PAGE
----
G

G (Photo credit: chrisinplymouth)

In the American classic  “The Scarlet Letter” Nathanial Hawthorne wrote about Hester Prynne, a woman who conceived a daughter through an adulterous affair with a minister.  Her community, in 17th century Massachusetts, forces her to wear a red-letter “A” upon all of her clothing as a constant reminder of her transgression, and to publicly humiliate her.

Since I left my closeted gay husband nearly three years ago, I can relate to Prynne all too well as I have felt like a giant “G” for gay follows me wherever I go.  But in my case the symbolic “G” I wear on my heart is bedazzled like a disco ball and surrounded by flashing lights.

This morning, on a dating website I get the following from a man who lives in all places Northern Illinois…I live in Brooklyn, NY so I have no idea why he wrote to me to begin with…

You seem to have a history of dating gay guys, at least that’s how your answers look to the casual observer. What’s up with that? You also said you just got divorced, is that what happened? I feel bad for you if that’s what happened… 🙁 Also, sex with the lights on should be a bit different than with them off, not exactly the same.

There is nothing on my profile that indicates that I divorced a gay man.  The questions section is a separate section that another user would have to dig deeper to read.  A few of the questions are about having sex with someone of the same gender or bisexuality, I did make some comments in that section but I never once say anything as blatant as…my ex was gay.  I write things like if you even think you might be gay, please keep looking I am not the girl for you.   The man from Illinois who sent this lovely email to me this morning…looked gay himself.  He had artificially streaked blonde hair, and a couple of modeling shots that looked straight out of a gay sporting magazine – hairless bare chest and all.

I debated if I should just delete the email and move on.  The last line about “sex with the lights on” really pushed me over the edge so I decided to write a response.  I basically told him he was projecting and that to most women he might appear gay himself.  I also encouraged him, that if he was gay that he should come out of the closet.  I even suggested he read a book about gay self-hatred called “The Velvet Rage”.   I know I should have deleted the email and not given it a second thought, but I sort of snapped.  And I wouldn’t normally try to forcibly “out” anyone but since he had done the same to me, I didn’t hold back.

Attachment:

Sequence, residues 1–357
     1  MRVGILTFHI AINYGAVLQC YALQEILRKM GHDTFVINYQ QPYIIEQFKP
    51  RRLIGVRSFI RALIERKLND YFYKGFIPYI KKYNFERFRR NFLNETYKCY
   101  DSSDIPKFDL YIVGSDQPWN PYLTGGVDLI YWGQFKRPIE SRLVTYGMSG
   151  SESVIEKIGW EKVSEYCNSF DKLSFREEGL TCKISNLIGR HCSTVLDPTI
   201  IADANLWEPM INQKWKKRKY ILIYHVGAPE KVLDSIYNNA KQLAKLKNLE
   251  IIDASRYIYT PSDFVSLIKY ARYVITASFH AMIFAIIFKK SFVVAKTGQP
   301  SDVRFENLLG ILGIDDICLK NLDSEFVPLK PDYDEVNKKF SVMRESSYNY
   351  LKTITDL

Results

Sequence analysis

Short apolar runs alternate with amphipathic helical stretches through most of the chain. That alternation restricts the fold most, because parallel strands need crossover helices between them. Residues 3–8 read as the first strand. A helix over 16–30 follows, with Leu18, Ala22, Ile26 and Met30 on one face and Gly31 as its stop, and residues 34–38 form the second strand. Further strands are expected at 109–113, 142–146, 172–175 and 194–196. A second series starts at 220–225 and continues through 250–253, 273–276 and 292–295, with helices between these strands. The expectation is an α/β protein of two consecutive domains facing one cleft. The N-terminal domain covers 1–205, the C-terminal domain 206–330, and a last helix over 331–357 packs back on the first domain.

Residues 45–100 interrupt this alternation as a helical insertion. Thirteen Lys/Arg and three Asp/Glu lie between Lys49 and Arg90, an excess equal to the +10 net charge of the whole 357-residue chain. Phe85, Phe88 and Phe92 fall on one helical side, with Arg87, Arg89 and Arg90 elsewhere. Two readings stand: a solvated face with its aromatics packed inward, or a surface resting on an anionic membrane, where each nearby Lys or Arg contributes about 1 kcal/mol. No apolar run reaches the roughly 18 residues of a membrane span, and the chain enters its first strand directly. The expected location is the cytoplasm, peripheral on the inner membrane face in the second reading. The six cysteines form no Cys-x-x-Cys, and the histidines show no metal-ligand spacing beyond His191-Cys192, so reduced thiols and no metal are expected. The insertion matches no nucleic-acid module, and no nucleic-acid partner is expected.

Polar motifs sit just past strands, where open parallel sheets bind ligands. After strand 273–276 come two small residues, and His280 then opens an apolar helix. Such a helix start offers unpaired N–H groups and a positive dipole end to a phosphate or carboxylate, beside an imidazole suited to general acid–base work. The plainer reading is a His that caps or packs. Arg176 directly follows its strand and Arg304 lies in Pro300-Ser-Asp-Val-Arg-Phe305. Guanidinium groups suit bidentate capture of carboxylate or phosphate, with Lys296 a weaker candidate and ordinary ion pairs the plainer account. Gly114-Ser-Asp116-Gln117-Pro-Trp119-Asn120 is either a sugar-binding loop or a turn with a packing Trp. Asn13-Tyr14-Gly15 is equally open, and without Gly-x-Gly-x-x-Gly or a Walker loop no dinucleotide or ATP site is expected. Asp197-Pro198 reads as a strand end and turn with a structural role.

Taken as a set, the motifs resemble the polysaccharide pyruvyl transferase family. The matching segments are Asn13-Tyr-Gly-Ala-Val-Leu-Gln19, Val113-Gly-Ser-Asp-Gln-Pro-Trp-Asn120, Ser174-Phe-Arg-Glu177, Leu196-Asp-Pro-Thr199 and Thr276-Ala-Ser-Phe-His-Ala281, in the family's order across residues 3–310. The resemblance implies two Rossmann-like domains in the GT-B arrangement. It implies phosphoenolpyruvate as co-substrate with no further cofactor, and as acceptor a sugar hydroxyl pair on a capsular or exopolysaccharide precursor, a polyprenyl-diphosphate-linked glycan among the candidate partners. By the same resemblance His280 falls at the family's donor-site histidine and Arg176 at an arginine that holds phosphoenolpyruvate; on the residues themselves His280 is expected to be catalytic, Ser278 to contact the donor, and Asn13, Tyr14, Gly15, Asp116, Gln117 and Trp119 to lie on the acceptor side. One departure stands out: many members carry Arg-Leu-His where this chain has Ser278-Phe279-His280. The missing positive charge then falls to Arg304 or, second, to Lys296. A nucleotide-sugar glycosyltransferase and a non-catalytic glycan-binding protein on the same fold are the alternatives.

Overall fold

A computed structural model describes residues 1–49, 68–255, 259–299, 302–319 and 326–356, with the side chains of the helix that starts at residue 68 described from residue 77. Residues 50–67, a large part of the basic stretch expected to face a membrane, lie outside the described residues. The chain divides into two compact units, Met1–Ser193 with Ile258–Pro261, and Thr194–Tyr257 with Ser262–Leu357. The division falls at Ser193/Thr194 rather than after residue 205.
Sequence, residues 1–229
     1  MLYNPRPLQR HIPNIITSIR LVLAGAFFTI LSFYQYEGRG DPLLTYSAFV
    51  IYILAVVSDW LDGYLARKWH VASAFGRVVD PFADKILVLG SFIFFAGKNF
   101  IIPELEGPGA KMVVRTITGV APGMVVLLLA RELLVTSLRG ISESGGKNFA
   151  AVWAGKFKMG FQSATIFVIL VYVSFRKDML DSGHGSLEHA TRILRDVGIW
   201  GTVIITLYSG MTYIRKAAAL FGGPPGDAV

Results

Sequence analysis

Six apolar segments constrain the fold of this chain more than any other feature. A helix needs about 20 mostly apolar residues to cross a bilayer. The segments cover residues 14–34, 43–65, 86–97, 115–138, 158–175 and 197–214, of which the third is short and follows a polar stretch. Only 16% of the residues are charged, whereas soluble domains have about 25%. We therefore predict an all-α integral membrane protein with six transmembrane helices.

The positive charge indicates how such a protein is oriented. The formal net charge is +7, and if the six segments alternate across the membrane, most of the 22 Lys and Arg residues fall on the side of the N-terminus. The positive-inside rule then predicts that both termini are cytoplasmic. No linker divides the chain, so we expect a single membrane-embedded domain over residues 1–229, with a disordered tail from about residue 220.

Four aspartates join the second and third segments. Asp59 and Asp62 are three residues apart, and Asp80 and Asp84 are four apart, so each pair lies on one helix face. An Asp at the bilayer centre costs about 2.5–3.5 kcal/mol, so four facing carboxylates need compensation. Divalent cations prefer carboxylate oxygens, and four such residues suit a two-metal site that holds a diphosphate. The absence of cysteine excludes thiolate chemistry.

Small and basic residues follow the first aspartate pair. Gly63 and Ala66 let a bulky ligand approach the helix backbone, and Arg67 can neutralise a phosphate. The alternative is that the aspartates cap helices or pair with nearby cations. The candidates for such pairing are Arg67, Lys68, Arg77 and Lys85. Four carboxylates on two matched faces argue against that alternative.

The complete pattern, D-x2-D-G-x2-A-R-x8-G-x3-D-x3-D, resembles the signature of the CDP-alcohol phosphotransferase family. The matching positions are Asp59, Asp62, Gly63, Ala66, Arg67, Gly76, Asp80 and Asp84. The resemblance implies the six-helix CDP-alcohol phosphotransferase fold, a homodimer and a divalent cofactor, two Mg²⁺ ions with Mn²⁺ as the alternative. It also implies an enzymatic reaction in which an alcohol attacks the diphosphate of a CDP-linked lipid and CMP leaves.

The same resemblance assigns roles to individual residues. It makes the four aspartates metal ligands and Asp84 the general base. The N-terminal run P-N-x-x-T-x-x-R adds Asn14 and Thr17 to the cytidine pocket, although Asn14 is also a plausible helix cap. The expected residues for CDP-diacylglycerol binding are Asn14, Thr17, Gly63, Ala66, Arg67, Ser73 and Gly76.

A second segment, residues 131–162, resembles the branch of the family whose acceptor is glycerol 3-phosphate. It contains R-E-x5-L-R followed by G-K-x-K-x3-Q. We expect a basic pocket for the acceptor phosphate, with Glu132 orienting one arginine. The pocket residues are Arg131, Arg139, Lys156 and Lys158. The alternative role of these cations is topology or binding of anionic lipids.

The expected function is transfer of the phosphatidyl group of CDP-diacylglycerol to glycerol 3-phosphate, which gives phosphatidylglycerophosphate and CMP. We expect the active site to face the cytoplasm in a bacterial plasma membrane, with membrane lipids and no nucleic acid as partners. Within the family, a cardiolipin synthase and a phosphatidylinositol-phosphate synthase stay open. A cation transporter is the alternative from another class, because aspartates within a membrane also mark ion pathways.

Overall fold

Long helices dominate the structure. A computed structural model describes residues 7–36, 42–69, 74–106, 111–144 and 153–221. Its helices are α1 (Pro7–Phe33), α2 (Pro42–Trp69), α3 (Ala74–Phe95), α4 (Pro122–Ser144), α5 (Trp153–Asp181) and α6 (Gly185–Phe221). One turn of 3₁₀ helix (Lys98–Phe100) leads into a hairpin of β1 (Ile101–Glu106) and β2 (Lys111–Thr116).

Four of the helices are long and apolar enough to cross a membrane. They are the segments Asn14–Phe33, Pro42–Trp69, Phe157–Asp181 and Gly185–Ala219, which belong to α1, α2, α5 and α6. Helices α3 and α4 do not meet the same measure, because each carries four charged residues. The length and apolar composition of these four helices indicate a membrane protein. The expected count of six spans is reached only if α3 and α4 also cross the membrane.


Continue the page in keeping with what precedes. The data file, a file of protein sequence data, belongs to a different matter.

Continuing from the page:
I spend nearly every day of my life trying to talk myself down from the very things this stranger from Illinois put in his email.   Every day, I reinforce the sentiment that I am worthy of a normal relationship, that I am not defective or sexually inadequate.   But then something like this happens and I think to myself…

“Maybe that is why I have had such a hard time dating”

Maybe deep down that is how straight men see me, as damaged or frigid.  They may think to themselves what kind of woman would marry a gay man?

Because I have been so public and open about my situation I cannot escape my past.  A common saying in the straight spouse community is that when our spouses come out of the closet we retreat into our own.  In many mixed orientation marriages, a straight spouse is forced to keep secrets for months, sometimes years to protect their partner.  I understand why each situation is different, as there are no easy answers for many mixed orientation marriages on the right time to disclose the truth.   In my example I really didn’t see the need to continue the lies as my spouse and I had no children, and his sexual orientation would not affect his career.  When my spouse came out of the closet, I made sure the doors were open as wide as possible.

I don’t regret that decision, but there has been a cost.  By putting it out there, I can’t decide when I reveal this information to a potential new partner.  If I try to hide it and they find this blog or any of the articles I have written for the Huffington Post, I look suspicious.  Even if I wanted to delete every article that I have written about my marriage on this blog, the Huffington Post pieces remain, and I honestly don’t regret writing a single syllable.  And since I have been working on a memoir about my marriage for months, the topic dominates my thoughts anyway.